🔴 Executive Offense Issue #4

Lockbit, Chrome, cloud red teaming, evasion, and stealth!

EO is a security newsletter focusing on the intersection between offensive security and security strategy. Sometimes hacker-ish, sometimes CISO-ish. Very blazer over the t-shirt type of vibe…

Welcome to another exciting edition of executive offense! This week we will dive into the ransomware ecosystem, red team and bug bounty Evasion techniques, scaling, cloud penetration testing / red teaming, and more! As you can see, this week we are pretty offensive-focused again but fear not, we will try to bring a strategy and defensive mindset to these offensive topics… But first, some expert analysis of the news!

The Evolution of Lockbit

This month I ran into Lockbit several times, not as an analyst or, thankfully, as a victim, but in researching red team methodology.

A couple of publications piqued my interest.

As part of my research, I spent considerable time on the dark web conducting threat intelligence research. Many threat intelligence feeds are informed by paste sites, old breach dumps, and other less useful information. My research aimed to ensure we had the freshest credentials and emails available to us during a red team campaign. While we have no issue using Dehashed like many red team shops, our focus on adversarial simulation and emulation means we want more.

My threat intelligence investigation led me directly to the topic of this section: the prolific crew known as LockBit.

If you're unfamiliar with LockBit, it is both the name of a strain of ransomware and a group that offers ransomware-as-a-service and data breach dumps in the digital underground. LockBit infections obtain initial access through various methods, but they specialize in exfiltrating data and operating as a highly sophisticated business. The group's distinguishing feature is its use of affiliates, an army of independent hacking groups that spread their ransomware. Typically, the split between the platform and the affiliate is 70% vs. 30% in favor of the affiliate.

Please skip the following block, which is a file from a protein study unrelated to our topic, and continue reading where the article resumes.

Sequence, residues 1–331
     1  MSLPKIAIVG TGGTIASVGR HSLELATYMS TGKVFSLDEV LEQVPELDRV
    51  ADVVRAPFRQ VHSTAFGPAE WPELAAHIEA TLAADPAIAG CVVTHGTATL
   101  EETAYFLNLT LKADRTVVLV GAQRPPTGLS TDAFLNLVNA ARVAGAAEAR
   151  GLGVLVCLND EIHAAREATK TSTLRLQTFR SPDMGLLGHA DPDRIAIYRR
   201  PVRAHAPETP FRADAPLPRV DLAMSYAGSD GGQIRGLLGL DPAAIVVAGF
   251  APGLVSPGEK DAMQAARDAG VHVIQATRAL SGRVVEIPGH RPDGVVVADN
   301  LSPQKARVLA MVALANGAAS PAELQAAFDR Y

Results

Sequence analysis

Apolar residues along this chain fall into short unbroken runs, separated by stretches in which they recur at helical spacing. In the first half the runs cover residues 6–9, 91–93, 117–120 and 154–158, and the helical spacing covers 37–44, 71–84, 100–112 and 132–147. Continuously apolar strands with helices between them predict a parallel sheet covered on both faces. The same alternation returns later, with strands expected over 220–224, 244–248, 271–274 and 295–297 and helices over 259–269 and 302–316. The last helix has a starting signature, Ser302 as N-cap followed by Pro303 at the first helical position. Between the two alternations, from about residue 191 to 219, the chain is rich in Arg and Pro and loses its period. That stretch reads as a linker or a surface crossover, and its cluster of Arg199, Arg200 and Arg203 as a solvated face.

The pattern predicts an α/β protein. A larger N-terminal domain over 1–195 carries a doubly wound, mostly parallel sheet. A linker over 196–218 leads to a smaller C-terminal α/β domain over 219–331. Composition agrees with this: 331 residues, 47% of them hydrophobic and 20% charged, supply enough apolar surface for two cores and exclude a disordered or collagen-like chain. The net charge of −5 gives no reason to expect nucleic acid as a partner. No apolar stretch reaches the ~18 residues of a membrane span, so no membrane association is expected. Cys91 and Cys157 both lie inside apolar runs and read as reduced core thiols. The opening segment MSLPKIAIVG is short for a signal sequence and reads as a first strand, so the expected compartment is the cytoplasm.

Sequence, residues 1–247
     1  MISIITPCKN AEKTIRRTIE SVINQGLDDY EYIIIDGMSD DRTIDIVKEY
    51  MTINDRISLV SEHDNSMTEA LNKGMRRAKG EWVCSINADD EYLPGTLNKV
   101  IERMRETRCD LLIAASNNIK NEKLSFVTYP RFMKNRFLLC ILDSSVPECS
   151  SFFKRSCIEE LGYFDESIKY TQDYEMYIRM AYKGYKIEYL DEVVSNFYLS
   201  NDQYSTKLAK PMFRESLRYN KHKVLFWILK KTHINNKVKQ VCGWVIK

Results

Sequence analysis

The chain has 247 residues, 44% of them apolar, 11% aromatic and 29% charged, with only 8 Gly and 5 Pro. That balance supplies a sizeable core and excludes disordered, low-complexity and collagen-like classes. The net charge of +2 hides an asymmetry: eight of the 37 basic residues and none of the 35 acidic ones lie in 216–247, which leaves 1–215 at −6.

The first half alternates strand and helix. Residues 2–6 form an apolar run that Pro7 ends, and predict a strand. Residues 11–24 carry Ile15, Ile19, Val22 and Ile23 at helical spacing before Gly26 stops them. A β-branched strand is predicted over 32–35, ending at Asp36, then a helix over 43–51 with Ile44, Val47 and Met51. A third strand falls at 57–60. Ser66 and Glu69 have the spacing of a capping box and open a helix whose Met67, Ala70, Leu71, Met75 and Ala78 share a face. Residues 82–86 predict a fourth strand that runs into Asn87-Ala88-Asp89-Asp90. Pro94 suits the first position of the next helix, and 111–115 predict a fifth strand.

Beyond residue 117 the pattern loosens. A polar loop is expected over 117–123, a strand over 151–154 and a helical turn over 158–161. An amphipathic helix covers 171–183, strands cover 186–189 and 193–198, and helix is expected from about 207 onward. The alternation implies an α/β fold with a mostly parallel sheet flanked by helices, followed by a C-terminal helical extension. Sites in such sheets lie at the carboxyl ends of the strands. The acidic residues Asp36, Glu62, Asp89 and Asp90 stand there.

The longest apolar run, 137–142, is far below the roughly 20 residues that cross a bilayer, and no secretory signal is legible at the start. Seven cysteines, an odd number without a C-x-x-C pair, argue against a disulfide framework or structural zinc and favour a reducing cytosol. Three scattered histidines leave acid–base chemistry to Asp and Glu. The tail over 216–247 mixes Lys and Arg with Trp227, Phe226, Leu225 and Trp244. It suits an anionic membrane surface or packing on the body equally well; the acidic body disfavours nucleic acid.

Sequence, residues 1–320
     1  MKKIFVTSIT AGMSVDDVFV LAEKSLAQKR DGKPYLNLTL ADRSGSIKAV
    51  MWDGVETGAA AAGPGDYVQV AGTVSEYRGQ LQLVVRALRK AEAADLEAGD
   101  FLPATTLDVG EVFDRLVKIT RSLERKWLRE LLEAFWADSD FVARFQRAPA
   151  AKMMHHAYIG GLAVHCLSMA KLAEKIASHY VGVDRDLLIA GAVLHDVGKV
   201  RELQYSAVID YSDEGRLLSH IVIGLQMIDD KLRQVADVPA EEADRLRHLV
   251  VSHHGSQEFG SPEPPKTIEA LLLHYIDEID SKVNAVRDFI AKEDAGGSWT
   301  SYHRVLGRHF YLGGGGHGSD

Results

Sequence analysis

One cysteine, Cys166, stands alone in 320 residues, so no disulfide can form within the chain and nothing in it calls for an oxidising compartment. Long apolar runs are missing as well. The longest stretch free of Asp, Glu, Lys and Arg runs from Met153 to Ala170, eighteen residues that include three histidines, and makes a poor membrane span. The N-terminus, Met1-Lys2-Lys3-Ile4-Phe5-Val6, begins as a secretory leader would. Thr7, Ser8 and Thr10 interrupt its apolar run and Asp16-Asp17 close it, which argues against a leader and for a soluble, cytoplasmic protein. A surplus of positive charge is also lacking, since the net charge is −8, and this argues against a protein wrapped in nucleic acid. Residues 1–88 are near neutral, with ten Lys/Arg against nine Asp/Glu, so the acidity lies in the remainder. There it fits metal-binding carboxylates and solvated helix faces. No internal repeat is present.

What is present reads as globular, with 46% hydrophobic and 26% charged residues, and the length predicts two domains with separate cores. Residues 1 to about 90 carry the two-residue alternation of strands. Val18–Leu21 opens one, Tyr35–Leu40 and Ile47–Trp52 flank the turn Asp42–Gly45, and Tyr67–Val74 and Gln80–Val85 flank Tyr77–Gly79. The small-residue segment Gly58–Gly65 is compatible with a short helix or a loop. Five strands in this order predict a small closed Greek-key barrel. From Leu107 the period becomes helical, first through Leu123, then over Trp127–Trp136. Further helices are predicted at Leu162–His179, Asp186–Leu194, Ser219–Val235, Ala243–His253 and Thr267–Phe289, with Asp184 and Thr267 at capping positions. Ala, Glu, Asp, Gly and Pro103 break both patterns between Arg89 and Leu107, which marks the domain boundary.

What first caught my attention about LockBit this week was Malwarebytes' ransomware review for April 2023, which outlined that LockBit is now the second most prevalent ransomware in existence. Most likely, law enforcement agencies worldwide are actively seeking the group's leaders to bring them down, as they recently did with Genesis Market. The group's notoriety is underscored by a shoutout from CISA, indicating the extent of the problem.

This week, there was much ado about a new LockBit ransomware variant targeting macOS. News outlets worldwide covered this story for a solid 24 hours. However, as the dust settled, researchers like Patrick Wardle and Phil Stokes reassured the security community that while the framework for running on macOS was present, the malware was not harmful. Many analysts concluded it was a fork of the Linux variant, lacking data exfiltration or persistence functionality.